I feel like I’m outside myself, watching a transformation of my political beliefs. I watched the Independent ticket town hall on CNN this evening, with Governors Gary Johnson and William Weld. I agreed with so much of what they had to say. Their insistence that compromise is absolutely necessary rang true with me. Their positions about issues as far-flung as marijuana and the use of force in Afghanistan mirrored my own. Yet I was concerned. Deeply concerned.
Though I found myself utterly at odds with them on fiscal issues, it wasn’t that political split that bothered me. It was the fact that I think they are likely to attract a lot of Democrats, many more than Republicans. And what that means is that Hillary Clinton, a woman with whom I have several enormous philosophical differences, will suffer. If Gary Johnson and William Weld had a snowball’s chance in hell of winning, I might vote for them. But they don’t. Not this year. The Independent Party hasn’t developed a sufficiently robust machine to make it happen. Instead, they will likely pull Democrats away from Clinton. Which would give Donald Trump the White House.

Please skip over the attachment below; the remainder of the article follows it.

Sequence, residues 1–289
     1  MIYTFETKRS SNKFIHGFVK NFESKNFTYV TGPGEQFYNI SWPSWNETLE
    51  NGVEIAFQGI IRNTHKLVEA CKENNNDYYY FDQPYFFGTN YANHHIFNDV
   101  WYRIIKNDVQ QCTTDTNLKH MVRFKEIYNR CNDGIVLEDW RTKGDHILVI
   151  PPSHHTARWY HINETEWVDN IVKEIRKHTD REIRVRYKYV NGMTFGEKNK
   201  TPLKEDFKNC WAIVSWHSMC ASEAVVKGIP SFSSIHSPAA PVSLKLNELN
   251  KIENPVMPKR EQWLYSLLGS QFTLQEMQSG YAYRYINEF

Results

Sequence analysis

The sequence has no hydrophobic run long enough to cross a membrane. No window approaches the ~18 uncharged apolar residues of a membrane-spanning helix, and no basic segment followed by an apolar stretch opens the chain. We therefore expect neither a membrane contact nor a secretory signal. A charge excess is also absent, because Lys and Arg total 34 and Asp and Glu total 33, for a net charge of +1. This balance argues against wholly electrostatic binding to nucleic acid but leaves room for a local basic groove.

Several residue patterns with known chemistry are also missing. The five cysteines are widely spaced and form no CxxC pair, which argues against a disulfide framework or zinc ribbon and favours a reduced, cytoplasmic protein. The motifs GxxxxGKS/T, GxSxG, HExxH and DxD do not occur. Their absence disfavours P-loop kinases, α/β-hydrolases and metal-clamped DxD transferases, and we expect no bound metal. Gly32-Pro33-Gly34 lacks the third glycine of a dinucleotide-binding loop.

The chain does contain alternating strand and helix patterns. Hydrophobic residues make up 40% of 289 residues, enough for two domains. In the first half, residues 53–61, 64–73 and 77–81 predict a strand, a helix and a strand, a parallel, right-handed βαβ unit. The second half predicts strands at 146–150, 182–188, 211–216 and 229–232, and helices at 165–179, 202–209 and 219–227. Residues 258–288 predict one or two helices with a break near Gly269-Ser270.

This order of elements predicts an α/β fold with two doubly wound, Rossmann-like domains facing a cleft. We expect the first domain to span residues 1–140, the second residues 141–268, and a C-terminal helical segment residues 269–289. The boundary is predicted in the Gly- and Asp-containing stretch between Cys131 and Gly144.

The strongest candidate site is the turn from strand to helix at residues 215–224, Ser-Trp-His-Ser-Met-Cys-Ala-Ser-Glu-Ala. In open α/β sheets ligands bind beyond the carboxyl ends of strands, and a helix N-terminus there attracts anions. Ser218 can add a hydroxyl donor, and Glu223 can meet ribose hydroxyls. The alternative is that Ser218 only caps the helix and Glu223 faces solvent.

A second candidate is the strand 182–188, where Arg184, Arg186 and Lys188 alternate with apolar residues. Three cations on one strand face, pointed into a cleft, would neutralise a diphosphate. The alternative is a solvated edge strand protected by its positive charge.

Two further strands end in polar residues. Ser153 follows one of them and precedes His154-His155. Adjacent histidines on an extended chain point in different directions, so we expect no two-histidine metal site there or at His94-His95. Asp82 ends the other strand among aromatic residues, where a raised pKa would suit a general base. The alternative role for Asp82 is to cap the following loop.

If Hillary Clinton wins in November, I will be deliriously relieved. But thereafter I will devote my political energies to a third party, perhaps the Independent Party. I am tired to the point of sickness of the Democratic Party’s platform as opposed to its performance. I think the Democratic Party, just like the Republican Party, has sold out to money. Neither party represents the citizenry, though the Democrats are far closer. But both should fear a strong, centrist movement that accepts compromise, values humanity, and places corporations far down on the list of entities that matter.